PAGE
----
Tuscan wines still claim fame

Renewed recognition for long-time tradition

Editorial Staff
May 26, 2005

May has become the unofficial month of wine in Tuscany. With various festivals, auctions, and events that will conclude with “Cantine Aperte” (Open Cellars) on May 29th, this is one of the best periods of the year to enjoy the wines Tuscany has to offer.

 

Although Tuscany’s most recent claim to fame in the wine world may be the emergence of numerous “Supertuscan” wines on the international market, other local wines, like Chianti Classico, that the area has always been known for, are still holding onto their popularity.

 

In fact, it seems that interest is growing in new demographics; recent data shows that an increased number of younger people and of women aspiring to join the ranks of professional sommeliers in Tuscany. At last count, sommeliers in this region had reached 3,500. And, as of last week, this group includes a member of the regional government. At a wine-tasting competition held in Florence last weekend, Vice-President Riccardo Nencini was awarded the title of Honorary Sommelier in recognition of his support of quality wines and his acknowledgement of the difficulties related to wine making in Tuscany.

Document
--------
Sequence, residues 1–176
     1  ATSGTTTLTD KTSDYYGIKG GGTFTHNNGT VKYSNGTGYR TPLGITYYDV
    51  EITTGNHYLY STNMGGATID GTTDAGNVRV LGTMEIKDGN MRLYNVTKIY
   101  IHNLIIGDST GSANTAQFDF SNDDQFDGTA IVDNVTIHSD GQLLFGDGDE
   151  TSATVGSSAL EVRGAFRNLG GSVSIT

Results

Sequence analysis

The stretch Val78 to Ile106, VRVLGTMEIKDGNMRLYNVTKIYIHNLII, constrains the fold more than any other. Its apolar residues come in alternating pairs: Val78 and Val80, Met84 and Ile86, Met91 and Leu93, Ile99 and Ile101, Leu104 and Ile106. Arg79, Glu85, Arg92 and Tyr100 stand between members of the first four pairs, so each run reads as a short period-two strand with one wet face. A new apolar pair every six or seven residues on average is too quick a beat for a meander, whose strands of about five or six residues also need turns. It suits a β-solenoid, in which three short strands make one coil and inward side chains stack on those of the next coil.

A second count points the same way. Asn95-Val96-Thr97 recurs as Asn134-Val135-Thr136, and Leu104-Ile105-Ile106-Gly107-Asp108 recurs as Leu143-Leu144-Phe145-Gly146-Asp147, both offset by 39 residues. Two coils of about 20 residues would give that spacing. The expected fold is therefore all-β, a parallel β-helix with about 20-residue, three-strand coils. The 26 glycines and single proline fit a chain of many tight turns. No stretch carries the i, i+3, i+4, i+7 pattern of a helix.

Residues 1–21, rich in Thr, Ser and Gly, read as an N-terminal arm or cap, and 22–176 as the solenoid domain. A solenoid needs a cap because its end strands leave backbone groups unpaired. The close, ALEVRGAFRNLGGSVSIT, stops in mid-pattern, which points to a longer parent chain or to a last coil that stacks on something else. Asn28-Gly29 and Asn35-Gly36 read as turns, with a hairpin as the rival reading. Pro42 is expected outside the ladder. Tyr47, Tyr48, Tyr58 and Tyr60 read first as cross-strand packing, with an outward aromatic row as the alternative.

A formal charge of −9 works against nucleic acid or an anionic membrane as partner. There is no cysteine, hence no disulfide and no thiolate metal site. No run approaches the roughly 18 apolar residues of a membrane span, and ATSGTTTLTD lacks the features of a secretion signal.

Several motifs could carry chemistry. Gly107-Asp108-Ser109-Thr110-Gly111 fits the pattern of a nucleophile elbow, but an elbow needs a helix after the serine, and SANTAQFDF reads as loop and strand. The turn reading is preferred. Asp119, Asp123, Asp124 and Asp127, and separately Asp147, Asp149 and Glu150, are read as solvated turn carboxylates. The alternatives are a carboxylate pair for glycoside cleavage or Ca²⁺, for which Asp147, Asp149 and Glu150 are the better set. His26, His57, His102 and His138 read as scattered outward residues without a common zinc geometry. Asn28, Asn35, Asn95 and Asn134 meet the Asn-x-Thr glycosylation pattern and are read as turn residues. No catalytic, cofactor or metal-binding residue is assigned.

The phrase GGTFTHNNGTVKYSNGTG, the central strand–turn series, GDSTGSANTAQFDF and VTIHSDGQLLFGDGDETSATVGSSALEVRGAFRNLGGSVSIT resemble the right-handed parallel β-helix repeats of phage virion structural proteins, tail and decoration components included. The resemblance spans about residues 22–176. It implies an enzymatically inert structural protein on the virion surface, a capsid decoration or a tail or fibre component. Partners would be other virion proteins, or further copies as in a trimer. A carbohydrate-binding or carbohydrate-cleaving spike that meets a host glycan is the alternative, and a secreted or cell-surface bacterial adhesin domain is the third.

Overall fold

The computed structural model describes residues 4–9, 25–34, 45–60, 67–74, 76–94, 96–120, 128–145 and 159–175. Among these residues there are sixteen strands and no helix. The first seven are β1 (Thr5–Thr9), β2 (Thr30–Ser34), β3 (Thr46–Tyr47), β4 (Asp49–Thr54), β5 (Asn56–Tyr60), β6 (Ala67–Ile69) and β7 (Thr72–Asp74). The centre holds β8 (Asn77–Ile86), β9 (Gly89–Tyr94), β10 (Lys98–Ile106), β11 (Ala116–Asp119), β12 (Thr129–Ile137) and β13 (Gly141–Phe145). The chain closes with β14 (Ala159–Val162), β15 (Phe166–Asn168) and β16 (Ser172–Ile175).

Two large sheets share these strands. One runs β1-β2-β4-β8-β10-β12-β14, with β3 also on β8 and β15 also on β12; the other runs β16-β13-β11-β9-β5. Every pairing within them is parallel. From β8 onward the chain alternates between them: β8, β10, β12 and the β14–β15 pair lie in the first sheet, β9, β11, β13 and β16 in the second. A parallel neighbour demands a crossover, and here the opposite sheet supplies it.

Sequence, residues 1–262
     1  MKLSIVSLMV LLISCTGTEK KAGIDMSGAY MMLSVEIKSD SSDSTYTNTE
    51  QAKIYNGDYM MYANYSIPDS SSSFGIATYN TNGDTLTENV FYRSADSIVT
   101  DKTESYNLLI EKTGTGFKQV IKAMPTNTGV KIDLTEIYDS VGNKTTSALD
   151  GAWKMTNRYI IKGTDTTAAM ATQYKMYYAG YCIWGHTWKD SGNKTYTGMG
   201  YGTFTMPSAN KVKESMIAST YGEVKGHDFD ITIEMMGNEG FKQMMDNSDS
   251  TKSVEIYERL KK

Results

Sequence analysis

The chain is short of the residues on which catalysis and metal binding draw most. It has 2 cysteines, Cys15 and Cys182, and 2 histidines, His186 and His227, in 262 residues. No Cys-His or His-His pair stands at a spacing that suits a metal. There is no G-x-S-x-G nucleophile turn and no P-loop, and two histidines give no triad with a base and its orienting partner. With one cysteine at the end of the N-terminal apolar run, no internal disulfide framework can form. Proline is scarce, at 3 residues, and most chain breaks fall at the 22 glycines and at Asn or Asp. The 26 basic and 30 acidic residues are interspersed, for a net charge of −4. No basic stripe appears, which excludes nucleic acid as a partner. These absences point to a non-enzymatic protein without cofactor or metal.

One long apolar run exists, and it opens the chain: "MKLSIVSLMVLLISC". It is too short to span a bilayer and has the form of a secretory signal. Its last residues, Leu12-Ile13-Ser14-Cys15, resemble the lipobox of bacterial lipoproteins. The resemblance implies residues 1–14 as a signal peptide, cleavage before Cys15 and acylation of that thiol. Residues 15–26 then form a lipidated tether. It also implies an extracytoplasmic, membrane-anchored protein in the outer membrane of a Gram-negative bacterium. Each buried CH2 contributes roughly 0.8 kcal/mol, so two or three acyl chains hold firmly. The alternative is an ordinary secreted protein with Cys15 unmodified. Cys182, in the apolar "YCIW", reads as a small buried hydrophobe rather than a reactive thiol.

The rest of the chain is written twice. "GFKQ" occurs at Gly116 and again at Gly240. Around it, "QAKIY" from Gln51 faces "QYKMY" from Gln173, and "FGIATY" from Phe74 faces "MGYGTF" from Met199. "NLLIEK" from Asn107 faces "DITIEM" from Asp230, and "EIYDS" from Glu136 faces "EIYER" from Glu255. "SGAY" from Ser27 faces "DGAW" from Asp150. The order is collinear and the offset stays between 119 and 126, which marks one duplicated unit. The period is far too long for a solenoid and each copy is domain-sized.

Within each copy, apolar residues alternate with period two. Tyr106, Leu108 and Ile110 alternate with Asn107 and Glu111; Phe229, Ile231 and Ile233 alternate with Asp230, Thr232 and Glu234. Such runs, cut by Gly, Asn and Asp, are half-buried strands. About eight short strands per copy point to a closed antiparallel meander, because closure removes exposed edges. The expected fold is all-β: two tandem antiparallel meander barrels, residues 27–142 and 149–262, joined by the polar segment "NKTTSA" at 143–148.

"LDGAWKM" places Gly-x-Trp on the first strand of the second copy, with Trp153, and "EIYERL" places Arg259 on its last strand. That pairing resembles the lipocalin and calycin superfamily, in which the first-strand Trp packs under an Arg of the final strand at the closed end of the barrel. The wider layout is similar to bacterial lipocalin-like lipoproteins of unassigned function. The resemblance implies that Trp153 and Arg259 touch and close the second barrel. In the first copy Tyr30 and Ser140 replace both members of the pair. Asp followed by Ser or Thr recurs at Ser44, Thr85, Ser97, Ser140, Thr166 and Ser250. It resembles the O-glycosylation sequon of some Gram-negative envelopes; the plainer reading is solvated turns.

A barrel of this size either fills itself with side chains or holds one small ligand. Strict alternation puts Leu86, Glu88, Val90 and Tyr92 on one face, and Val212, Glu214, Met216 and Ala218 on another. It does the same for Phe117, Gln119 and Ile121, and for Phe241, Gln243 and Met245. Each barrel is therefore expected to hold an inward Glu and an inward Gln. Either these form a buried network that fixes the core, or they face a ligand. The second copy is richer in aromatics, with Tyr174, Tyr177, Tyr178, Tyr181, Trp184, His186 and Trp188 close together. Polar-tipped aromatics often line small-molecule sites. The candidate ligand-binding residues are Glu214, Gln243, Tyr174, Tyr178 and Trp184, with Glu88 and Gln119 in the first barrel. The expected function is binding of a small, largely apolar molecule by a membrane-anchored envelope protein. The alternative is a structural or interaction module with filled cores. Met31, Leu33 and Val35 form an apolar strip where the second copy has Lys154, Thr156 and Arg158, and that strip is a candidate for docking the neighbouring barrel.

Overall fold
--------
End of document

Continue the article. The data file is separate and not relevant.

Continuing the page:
The national wine festival “Alla Corte del Vino,” held each year in San Casciano Val di Pesa, opened last week with a benefit auction of some of the best wines from all over the country. And in another tribute to Tuscan wine’s continued popularity, the top seller was a 2002 Sassicaia, which sold for a hefty 5,000 euro. Other Tuscans that managed to earn top bids at the benefit auction were a double magnum 1999 Ornellaia, which sold for an impressive 1,300 euro, and a 5-litre Sassoalloro by Jacopo Biondi Santi, which went for 1,000 euro.

 

The annual Open Cellars Celebration, which opens winery doors to the public on the last Sunday of May, originally began as a Tuscan wine event, and because of its success, has now expanded to every region in Italy.

 

Nevertheless, not everything is rosy for the Tuscan wine industry.

 

Disturbing news has come from regional health officials who recently discovered the presence of the parasite “Flavescenza dorata.” Once the strain has invaded, it ultimately destroys 90% of an infected vineyard. In an unprecedented attempt to block the spread of this dangerous parasite, officials have ordered vineyard owners to treat their grapevines should they find any trace of the organism. Some areas of Tuscany, like Massa Carrara, have been obliged to treat plants even though the parasite’s presence has not been verified.

 

“Flavescenza dorata” was brought to Europe from the United States in 1966 and has slowly made its way through France and northern Italy, until finally reaching Tuscany this year. Though the parasite is very aggressive and destructive, hopes are that this preventive treatment will impede damage to one of Tuscany’s most prospering and important industries, that of wine.

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